Monday, September 28, 2009

Thinking Inside the Box

I've noticed, over and over, that there is a big difference between people who work in a technology field, such as computers and those who are consumers. By 'consumer' I mean anyone who is not interested in how something works or who doesn't really put a lot of thought into the details of a device. They just want to use it. You know, the vast majority of the population. I've listened to a lot of people who write and opine on technology and I'm struck so often by how out of touch they can often be from the mass of consumers.

For example, I was listening to a podcast that featured one of the more well known names in the world of Apple's technology, Ted Landau. He has spent decades writing about Apple's computers and other products, in general, and Macintosh troubleshooting extensively. He and the host were discussing the new iPod Nano, that now has a built in video camera. Landau was speaking about how so many ordinary phones nowadays have built in video, so why would the video in an iPod Nano be a big selling point? It's a good example of someone 'in the know' who has analyzed this from the tech point of view, but completely missed the consumer view. However, I don't think video is standard on a majority of phones on the market right now, much less the majority of those currently in use. But in the world he moves in most often, where he's surrounded by techie types who often have the latest gadgets, I'm sure he sees video on phones all the time. Hence, it must be on most people's phones, right?.  But I suspect the reality is that the vast majority of cell phone users don't have video on their phones. Not to mention the percentage who may have it, but don't remember/know that they have it.  Also, lets not forget that many consumers only use their phones as just a phone. He is also completely forgetting the 'Want' factor. Consumers often buy things, not because they need it, but because they just want it. Because it's new or cool. Remember, if everyone only bought what they needed, our economy would be a fraction the size it is. America, and all market driven nations, derive their wealth from 'Want' not 'Need'.

Another example are the proponents of Linux or Unix based computers. Those who live in the world of Linux can't understand why everyone isn't using that operating system on their home computers. They see all the benefits, such as the operating system being essentially free, all the low cost and free software and the fact that you aren't locked into a proprietary system like Windows or Macintosh. (Apple's OS X operating system is actually built on a Unix foundation and can run many Unix/Linux based apps. Though the graphical interface and such wrapped around that foundation is proprietary.) They like to tout how many months and years their systems go without having to reboot. Impressive as these things are, they completely ignore the consumer. They're thinking like the people they are, knowledgeable and tech-savvy. They ignore the reality that is the other 80% or more of the population. Yes, the operating system is essentially free, but it's no easy thing for Joe Consumer to install and setup. Yeah, you can download all kinds of applications, free of charge. But again, you have to know what you're doing or follow very detailed instructions to install and configure them. These are things that seem like no-brainers to those in the Linux/Unix world, but not at all to those outside it.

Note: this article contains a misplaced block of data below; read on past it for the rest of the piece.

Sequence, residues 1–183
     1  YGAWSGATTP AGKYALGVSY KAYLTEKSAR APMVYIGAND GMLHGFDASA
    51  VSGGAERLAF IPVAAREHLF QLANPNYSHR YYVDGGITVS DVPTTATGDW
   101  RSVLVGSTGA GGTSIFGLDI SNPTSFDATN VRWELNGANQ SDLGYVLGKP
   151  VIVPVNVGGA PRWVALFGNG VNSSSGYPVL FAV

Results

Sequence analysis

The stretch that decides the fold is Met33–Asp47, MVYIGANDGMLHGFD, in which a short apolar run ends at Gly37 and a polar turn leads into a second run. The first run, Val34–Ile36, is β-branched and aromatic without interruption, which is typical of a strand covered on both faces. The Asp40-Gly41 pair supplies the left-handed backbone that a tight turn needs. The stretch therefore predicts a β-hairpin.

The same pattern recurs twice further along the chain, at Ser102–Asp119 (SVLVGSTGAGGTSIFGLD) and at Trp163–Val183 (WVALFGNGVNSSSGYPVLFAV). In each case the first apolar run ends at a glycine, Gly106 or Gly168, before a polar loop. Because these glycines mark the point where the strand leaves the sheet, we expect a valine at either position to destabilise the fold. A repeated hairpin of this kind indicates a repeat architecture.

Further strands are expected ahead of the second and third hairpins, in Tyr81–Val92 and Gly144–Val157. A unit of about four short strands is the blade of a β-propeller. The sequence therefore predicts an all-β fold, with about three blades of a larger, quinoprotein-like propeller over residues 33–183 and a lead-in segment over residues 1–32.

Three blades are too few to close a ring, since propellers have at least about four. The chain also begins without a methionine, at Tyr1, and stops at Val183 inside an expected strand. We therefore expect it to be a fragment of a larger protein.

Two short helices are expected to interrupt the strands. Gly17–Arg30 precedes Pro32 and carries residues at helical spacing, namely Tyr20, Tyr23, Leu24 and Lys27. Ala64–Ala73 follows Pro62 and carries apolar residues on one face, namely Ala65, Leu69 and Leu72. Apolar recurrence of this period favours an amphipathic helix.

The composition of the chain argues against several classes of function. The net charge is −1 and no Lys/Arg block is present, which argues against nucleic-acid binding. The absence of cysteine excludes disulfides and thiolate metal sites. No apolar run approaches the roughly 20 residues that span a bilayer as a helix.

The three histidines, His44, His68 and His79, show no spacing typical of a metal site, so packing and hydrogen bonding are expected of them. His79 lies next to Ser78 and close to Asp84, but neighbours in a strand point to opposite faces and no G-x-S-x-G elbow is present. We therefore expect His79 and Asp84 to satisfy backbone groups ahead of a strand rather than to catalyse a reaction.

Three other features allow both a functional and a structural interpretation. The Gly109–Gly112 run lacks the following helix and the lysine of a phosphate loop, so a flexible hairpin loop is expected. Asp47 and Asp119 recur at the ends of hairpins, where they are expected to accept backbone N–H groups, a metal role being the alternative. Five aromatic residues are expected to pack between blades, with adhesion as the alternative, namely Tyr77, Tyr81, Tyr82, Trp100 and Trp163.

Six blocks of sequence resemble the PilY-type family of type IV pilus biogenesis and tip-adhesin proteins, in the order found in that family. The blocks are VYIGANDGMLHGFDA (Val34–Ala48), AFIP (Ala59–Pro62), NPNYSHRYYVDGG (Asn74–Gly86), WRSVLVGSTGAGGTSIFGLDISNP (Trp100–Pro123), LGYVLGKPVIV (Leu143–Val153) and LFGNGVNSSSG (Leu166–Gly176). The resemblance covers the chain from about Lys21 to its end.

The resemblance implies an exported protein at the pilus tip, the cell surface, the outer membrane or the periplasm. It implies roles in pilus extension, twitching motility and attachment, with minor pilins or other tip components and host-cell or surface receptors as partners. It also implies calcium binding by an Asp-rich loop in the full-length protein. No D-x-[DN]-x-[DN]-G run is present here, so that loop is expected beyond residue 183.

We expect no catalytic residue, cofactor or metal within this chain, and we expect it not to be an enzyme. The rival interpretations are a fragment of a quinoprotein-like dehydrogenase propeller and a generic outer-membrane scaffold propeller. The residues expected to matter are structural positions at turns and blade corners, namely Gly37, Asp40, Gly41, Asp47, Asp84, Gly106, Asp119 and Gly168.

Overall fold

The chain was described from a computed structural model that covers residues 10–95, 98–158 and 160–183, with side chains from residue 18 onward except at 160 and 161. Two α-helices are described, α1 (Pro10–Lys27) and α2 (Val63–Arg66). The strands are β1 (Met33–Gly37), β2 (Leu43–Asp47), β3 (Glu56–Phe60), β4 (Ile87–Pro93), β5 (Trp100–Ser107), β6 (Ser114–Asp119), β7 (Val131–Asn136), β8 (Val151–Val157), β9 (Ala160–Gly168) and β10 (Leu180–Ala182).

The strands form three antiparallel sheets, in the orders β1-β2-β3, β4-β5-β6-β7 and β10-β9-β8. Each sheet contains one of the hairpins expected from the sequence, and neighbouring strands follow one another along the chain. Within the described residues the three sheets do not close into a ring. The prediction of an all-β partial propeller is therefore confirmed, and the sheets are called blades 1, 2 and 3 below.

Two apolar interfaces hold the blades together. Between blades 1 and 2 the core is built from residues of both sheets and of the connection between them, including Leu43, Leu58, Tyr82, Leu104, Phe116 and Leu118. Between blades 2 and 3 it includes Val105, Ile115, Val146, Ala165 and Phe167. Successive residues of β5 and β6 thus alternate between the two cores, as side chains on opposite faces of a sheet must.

I've run into this myself during my tenure in the desktop/network support arena. I sometimes had to give myself a quick reality check when I made assumptions on what was obvious and what was not. I've certainly found myself thinking that a particular client 'should' know a certain piece of information. And perhaps they should, but my expectations often have little in common with reality. So I generally run my conversations through a buffer, in a manner of speaking, and do a quick edit for jargon, acronyms and the like. Kind of weird to have the live edit running in the background, but seems to work. Also have to remember when setting computers up or working on them in general that many things that seem normal for me to do, just confuse the average user or cause them problems.

The bottom line is that Techies, and those in a similar positions, have to occasionally take several steps back and look at things from the consumer viewpoint. They need to remember that many, probably most, lack much of their specialist knowledge. Knowledge that gives them an unbalanced view of what the rest of the world may know or think. And this applies not just to tech fields, but any profession really. From desktop support to politician, lawyer, doctor, electrician, carpenter, among others. It's not about thinking down to someone else's level, it's about thinking outside your own box. In these cases, more often than not, the problem is yours in assuming, not theirs in understanding. Just something to think about the next time you're wondering why someone would want 'X' item or doesn't understand 'Y' instruction.

1 comment:

  1. My doctor talks to me like I have a medical degree and seems quite surprised to find that I don't understand everything is she is talking about.
    I can't help but think of Hollywood as well. They are so insular that they have lost touch with their audiences.
    Good reminder that we are part of a whole, not just the microcosm in which we live. But you know, as I write this, it makes me realize that all trouble seems to stem from forgetting our connection to others...whether we choose our zip code, church, job, race, gender, whatever as our world. This kind of reality is a farce.


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